2022 was a difficult year for the Lockheed Martin F-35 in US service, with the jet’s availability and readiness rates dropping, and the flying hours remaining roughly the same.
A US Congressional Budget Office report on the availability and use of the F-35 was updated with new information in February 2023, adding data from the previous year.
The availability of the jets, meaning the percentage of aircraft that are considered mission-capable and possessed by operational squadrons, fell by 11% for the F-35A and by 7% for the F-35B. Only the carrier-borne F-35C showed an increase of availability by 4%.
Full mission availability, a measure that shows what percentage of aircraft can perform all their tasked missions, also fell for the F-35A and the F-35B but rose for the F-35C.
Flying hours per airframe showed only a marginal increase for all three variants after an uneven but steady rise during the last decade.
The report also analyzed the relationship between the age of a particular F-35 and its availability, aiming to show how aging affects the jet.
The results suggest that in terms of both availability and flying hours, the F-35A is more affected by aging than the F-15 and the F-22. However, aging affected the F-35B in a similar manner to the AV-8B Harrier. When it comes to the F-35C, availability was affected in a similar way to the F/A-18, but the jet’s flying hours appeared to drop more with age when compared to the F/A-18.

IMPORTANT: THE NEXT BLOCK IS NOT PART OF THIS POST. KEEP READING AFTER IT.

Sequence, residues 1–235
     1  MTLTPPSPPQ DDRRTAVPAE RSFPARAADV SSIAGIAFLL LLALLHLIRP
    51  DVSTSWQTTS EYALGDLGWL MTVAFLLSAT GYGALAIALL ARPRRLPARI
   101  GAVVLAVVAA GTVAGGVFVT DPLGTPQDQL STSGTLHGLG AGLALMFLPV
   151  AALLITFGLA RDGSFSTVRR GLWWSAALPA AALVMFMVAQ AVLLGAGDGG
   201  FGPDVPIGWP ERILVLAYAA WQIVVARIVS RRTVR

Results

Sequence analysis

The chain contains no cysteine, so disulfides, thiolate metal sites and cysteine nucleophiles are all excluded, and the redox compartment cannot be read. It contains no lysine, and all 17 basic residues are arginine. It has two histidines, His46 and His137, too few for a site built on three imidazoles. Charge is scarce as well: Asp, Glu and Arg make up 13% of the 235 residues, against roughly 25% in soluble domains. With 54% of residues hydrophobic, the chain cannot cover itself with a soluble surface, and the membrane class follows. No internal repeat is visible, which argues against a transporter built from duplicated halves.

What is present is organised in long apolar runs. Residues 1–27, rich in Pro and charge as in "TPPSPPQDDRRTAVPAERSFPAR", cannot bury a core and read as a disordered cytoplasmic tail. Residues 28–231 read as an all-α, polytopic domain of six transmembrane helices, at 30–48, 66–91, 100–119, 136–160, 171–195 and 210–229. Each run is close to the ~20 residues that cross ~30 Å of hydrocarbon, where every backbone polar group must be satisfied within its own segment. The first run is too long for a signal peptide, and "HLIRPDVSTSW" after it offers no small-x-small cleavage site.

A difficult year
The F-35 procurement program experienced several significant setbacks in 2022. Delivery of the jet was stopped for a month between September and October 2022 after Chinese-made alloys were found to be used in the aircraft’s production.
The availability rate of the aircraft was likely to have been heavily affected by several groundings following incidents involving the F-35.
In December 2022 part of pentagon’s F-35 fleet was grounded after the F-35B crash-landed during a test flight at the Fort Worth air base in Texas.
Large parts of the fleet were also grounded in August-September 2022 when faults with Martin Baker ejection seats were discovered.
The year also brought new international customers for the F-35 program, with Germany, Canada and Switzerland ordering the jet, while several other countries, including Greece, Czechia and Thailand, also requested to purchase the jet.
However, the paused deliveries likely resulted in Lockheed Martin not being able to deliver planned numbers of the aircraft.